By Brennen Finchum
Tuesday was the first time most Trevecca students could vote for a president. The political power that students have was not limited to that one opportunity.
Students vote every day with the choices and decisions they make, according to Shane Claiborne.
Claiborne is a popular social justice activist and author of “Jesus for President” and “Irresistible Revolution.” He took some of his time to answer a few of Micah Mandate’s questions about politics, faith, apathy, and policy.
He started by talking about how he and The Simple Way, an organization that he co-founded, perceived their place in the political scheme.
The backdrop of everything is God’s Kingdom coming on earth.
Rather than endorsing any candidate, we’re asking them to engage.
Engagement is certainly not restricted to one day every four years. We vote every day with what we align ourselves. It’s how we live on November 7th and November 10th.
Rather than seeing voting as casting our vote for a new messiah, we’re actually to do damage control. We’re looking to try and minimize the impact of principalities and powers.
One of the things that we do is that we don’t wait on politicians to solve all of the world’s problems. We get that vision from scripture. “When I was a stranger, you welcomed me.”
The real question for us as Christians is what would it look like if Jesus is in charge?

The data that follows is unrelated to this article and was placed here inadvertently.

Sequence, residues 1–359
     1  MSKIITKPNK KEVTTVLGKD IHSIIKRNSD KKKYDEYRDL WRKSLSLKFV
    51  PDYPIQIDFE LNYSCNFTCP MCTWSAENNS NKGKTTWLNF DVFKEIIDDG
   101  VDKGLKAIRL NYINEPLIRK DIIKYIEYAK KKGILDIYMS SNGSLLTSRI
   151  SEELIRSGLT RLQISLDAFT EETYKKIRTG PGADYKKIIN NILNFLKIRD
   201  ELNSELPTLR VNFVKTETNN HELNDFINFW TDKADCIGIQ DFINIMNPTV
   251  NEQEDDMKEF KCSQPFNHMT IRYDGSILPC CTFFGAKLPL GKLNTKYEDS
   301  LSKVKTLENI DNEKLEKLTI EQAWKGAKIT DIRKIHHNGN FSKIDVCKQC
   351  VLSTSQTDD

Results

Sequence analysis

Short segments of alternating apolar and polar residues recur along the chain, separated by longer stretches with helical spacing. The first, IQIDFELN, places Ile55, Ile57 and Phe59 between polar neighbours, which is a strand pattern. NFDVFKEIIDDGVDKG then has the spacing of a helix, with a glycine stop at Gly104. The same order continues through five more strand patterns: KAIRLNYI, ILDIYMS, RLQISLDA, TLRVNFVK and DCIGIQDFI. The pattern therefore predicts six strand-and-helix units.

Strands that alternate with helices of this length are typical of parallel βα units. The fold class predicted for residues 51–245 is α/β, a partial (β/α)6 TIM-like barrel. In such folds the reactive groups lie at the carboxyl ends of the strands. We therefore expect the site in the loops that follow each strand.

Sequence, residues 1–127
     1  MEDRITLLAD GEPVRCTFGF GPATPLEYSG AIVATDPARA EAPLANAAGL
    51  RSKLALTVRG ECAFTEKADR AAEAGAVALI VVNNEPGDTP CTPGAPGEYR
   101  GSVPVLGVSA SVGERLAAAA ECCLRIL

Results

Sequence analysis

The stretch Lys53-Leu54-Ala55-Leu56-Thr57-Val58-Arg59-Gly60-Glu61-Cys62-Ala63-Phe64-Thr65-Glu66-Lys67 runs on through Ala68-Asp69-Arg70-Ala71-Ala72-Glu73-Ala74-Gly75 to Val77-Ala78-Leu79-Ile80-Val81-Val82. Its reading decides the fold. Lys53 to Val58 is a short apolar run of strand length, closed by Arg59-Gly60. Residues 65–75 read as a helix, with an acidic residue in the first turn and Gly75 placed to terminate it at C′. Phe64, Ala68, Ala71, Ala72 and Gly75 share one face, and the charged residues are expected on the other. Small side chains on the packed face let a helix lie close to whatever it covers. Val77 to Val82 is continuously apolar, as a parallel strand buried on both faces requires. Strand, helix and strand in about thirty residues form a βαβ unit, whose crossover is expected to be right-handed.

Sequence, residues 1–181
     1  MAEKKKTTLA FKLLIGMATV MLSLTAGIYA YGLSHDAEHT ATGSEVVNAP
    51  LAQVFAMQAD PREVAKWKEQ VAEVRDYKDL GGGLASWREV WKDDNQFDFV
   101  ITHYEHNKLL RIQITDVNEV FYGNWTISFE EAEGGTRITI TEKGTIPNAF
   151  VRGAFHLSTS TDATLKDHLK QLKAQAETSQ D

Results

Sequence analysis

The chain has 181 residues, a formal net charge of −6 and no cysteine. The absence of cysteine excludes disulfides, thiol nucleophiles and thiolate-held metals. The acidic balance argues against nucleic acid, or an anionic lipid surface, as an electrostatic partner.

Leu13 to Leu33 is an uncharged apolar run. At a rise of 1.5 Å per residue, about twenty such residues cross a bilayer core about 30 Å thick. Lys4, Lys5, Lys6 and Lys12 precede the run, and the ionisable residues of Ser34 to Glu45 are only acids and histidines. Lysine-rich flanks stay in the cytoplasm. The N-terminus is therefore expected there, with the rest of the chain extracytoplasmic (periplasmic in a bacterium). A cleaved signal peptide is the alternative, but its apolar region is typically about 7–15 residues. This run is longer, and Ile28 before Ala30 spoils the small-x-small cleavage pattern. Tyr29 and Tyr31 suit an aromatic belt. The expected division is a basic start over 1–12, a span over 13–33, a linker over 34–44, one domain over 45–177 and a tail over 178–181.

With the early Christians, every time they were saying Jesus is Lord, they were saying Caesar is not.
How we live each day, in Philadelphia, there’s a whole new thing about welcoming immigrants and helping folks get documentation.
There’s 20,000 of us that are trying to help each other get our medical bills paid for each other.
Mother Theresa wasn’t just pro-life. She came alongside kids with teenage mothers. She became known as mother because of that.
To be pro-life in our neighborhood means what do we do when a 14-year old gets pregnant.
To love our neighbor as our self, it affects how we hold our possessions, etc.
I want to know how someone is proactive and how they are going to walk with people.
Students on campus don’t seem to be incredibly interested in this whole election process or politics in general. To some, it could seem apathetic, and to others, it seems like they just blissfully ignore politics. What do you think is really happening in this?
I think there’s a reason especially young people are dissatisfied. There’s a dropout rate from the elections of young people that’s astronomical.
One, I think we remember the culture wars of our parents when it was as if there was only two issues that mattered: abortion and homosexuality.
When you’ve got two parties that are funded by corporations, for a Christian, you get really conflicted because there’s not a consistent ethic of life.
If you think of the Democratic Party, then you have the issue of abortion. If republican, then there’s militarism and capital punishment.
If you’re not voting for someone, you’re voting against someone.
I do think that some of those changes can start to come.
We’re spending $20,000 a second on militarism.
Neither candidate is really talking about decreasing the military budget. Young people are increasingly suspicious of that.